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/ April 17, 2012
[UPDATED] NYU Is Offering A Course Exclusively On Apple And The Music Business This Fall

Registration is coming up. This means hours of browsing Albert and aggravated hair pulling as the classes you want to take start filling up. It also means endless envy when you start looking at the courses in the Clive Davis Department of Recorded Music. Last semester, the program offered a seven-week topics course exploring the life, work, and influence of Stevie Wonder. Those seven weeks featured appearances from Questlove, DJ Spinna, and Wonder himself.

This semester, the department is offering a 2-credit topics course exclusively about Apple and the company’s relation to the music industry. We expect nothing less than a hologram of Steve Jobs to show up and rap with Tupac in front of the class.

The course description on Albert says:

Even as the music industry fell into a decade-long sales slump during the 2000s, the introduction of Apple’s iTunes music store and iPod toward the start of the decade produced on a financially profitable model for secure, legal downloading, in spite of (or because of) Apple’s controversial pricing strategies. In this course, students will investigate the history of Apple, and delve into the company’s 2nd wave singular aesthetic/design and business strategy. Finally, students will consider the company’s impact on the dissemination and reception of music over the years, particularly at the dawn of the 21st century. Students should walk away from the course with a greater sense of how a company founded (largely) on Steve Jobs’ entrepreneurial vision managed to overcome its lean years to ultimately dominate the music industry and turn outsize profits at a time otherwise marked by widespread economic and cultural instability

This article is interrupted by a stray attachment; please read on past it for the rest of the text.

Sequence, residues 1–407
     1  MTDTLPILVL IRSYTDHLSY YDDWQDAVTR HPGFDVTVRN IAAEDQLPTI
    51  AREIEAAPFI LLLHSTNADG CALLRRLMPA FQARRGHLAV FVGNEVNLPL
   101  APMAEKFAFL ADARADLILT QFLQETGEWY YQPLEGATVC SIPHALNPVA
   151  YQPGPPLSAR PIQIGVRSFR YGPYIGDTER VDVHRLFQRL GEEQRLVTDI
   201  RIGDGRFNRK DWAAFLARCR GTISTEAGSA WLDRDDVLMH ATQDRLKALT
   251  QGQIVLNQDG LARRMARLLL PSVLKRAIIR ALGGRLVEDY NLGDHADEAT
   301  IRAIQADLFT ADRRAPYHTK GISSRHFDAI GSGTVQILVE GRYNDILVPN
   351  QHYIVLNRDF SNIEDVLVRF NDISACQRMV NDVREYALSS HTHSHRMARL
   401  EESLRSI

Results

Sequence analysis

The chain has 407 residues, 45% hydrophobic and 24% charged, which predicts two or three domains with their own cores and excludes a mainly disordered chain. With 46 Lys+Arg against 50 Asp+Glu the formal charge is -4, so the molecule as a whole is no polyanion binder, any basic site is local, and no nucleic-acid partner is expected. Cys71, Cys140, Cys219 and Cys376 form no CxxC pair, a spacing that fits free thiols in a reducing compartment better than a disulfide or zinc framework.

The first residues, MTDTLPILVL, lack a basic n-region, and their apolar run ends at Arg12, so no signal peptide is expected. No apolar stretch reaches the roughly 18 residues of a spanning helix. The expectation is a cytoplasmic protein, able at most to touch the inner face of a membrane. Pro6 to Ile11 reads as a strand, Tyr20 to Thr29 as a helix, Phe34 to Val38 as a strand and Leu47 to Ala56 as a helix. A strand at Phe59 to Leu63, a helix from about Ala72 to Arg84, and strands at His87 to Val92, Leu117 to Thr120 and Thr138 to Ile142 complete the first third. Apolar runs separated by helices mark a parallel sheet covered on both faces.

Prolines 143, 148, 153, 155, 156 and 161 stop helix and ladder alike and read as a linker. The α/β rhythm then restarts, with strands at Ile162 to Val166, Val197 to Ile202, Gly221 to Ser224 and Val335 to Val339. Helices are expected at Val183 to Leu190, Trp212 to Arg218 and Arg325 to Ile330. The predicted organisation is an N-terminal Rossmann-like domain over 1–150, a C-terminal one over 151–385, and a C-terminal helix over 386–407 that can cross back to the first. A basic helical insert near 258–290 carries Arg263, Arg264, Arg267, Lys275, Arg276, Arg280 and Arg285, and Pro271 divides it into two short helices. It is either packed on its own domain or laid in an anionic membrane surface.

There is no word as to who will be teaching this course, but we’ll keep you updated as soon as we find out.

Update: The course will be taught by Eliot Van Buskirk, the editor and founder of Before, Van Buskirk contributed coverage on digital music to Wired and CNET among other publications.

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